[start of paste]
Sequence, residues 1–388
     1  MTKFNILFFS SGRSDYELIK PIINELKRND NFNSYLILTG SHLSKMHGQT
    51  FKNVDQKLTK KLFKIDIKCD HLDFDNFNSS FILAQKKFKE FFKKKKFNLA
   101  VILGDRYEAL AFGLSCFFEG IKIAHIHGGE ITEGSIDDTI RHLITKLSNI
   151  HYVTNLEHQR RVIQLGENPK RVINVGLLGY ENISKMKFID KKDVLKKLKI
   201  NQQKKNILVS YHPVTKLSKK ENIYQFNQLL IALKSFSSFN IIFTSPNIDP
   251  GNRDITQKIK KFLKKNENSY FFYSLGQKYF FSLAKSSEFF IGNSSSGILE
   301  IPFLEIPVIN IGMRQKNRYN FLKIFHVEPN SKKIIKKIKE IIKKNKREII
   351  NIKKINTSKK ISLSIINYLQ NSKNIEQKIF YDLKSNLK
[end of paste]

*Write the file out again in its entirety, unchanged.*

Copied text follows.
Sequence, residues 1–388
     1  MTKFNILFFS SGRSDYELIK PIINELKRND NFNSYLILTG SHLSKMHGQT
    51  FKNVDQKLTK KLFKIDIKCD HLDFDNFNSS FILAQKKFKE FFKKKKFNLA
   101  VILGDRYEAL AFGLSCFFEG IKIAHIHGGE ITEGSIDDTI RHLITKLSNI
   151  HYVTNLEHQR RVIQLGENPK RVINVGLLGY ENISKMKFID KKDVLKKLKI
   201  NQQKKNILVS YHPVTKLSKK ENIYQFNQLL IALKSFSSFN IIFTSPNIDP
   251  GNRDITQKIK KFLKKNENSY FFYSLGQKYF FSLAKSSEFF IGNSSSGILE
   301  IPFLEIPVIN IGMRQKNRYN FLKIFHVEPN SKKIIKKIKE IIKKNKREII
   351  NIKKINTSKK ISLSIINYLQ NSKNIEQKIF YDLKSNLK